If you’ve read TNW for any length of time, you’ll know that I’m a pretty big fan of Blue Microphones. I own several myself, and I’ve reviewed just about every USB-based model that the company has released in the past three years. So when I was given the chance to review Blue’s two newest, the Spark Digital and the Nessie, I jumped. We’ll talk more about the Spark Digital in a later post, but for now let’s focus on Nessie.
Nessie appears to be somewhat of a replacement for Blue’s tried-and-true USB offering, the Snowball. Priced similarly, at $99, it offers truly exceptional sound quality for both audio and instruments, plus it comes mounted on a stand and offers real-time headphone monitoring; something that the Snowball simply didn’t have.
Nessie also differs from the Snowball in that it has a bit more technology behind the sound. By adding typical post-production effects, Blue claims that you can now be “fearless” about desktop recording. I’ve found this claim to largely be true, and applaud Blue for finding the balance between “just enough” and “over the top” when it comes to structuring the audio output of Nessie. For an example, here’s a demo recording from Blue of an acoustic guitar:
And here’s a demo from Blue of the vocal mode:
Nessie is a cardioid condenser microphone, with three recording modes and an instant mute button. It connects directly to your Mac or Windows machine via micro USB and includes an internal shock mount to dampen vibrations. A mode switch on the back of Nessie allows you to select for voice, music or raw audio processing, each of which offer their own benefits. Voice mode uses processing to adjust for variance in levels, it hushes sibilance and tends to focus more on the range of typical vocals. In music mode, you’ll find that there’s a considerable amount of detail, lending Nessie as a great choice for recording guitars or other stringed instruments that tend to have a lot of “life” to their sound.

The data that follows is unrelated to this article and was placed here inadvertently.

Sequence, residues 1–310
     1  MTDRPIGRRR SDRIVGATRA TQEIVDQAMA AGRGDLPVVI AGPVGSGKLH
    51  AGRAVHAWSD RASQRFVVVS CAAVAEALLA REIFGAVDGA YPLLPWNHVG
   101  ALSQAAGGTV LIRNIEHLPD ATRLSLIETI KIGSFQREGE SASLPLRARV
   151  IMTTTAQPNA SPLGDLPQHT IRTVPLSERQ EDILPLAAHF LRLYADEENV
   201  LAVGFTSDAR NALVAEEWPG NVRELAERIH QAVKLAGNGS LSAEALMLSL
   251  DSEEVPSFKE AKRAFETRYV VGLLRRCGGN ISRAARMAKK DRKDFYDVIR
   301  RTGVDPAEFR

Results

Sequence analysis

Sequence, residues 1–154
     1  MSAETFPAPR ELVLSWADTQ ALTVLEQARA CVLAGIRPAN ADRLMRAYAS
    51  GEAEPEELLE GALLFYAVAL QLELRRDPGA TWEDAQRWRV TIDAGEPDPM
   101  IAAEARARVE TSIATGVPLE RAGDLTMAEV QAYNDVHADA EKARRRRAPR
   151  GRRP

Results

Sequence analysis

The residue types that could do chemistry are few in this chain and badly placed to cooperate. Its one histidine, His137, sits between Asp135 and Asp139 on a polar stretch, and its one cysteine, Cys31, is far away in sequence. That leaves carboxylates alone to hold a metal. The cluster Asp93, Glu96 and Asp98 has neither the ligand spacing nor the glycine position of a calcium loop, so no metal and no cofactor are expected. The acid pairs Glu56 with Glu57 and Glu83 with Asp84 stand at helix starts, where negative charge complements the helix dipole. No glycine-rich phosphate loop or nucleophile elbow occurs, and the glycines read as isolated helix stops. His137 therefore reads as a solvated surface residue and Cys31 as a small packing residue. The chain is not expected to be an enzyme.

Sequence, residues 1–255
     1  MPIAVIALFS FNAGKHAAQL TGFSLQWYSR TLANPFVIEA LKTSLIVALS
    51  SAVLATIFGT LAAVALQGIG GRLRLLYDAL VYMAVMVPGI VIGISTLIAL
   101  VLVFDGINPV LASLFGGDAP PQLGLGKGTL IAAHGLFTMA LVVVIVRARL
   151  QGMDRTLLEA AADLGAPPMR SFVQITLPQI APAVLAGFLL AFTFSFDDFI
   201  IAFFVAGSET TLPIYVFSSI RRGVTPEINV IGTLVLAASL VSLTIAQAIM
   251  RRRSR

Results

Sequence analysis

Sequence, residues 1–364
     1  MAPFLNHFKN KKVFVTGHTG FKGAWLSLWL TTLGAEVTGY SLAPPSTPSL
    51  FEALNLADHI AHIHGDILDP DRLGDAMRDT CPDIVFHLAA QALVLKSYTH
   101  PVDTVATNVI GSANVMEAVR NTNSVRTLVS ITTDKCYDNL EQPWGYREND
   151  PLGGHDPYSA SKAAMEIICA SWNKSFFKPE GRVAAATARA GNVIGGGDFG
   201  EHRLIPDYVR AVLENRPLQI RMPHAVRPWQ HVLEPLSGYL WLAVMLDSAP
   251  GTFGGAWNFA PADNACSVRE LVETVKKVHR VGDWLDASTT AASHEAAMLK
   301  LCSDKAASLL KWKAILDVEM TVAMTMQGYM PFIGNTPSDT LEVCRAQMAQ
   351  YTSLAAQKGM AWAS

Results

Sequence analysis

What’s interesting to me, however, is the choice to include the raw audio mode. It provides a lovely, clean signal that you can adjust to your own liking on post-production. For an example of this, I’ve recorded a clip of my vocals in raw mode:
The base of the Nessie also holds a trick. The blue ring can be turned, adjusting the monitoring volume for the built-in headphone jack that provides real-time monitoring. This real-time feature is positively a necessity for recording professional-sounding vocals, and it helps immensely when recording instruments as well.
Another favorite feature of mine is the articulating head, which appears to be where Nessie got its name. Looking a bit like the Loch Ness monster when extended, the Nessie’s head allows you to position it where it’s needed, rather than having to move the entire microphone based on what you’re recording.
Right now, I don’t think that there’s a better-sounding microphone on the market in Nessie’s price range, and that’s before we even consider the value-added features of onboard sound processing. These features take the Nessie from “highly recommended” to “over the top” as far as I’m concerned. For $99, you simply can’t go wrong with Nessie’s combination of style, sound quality and professional-level capabilities.
Published July 10, 2013 — 17:57 UTC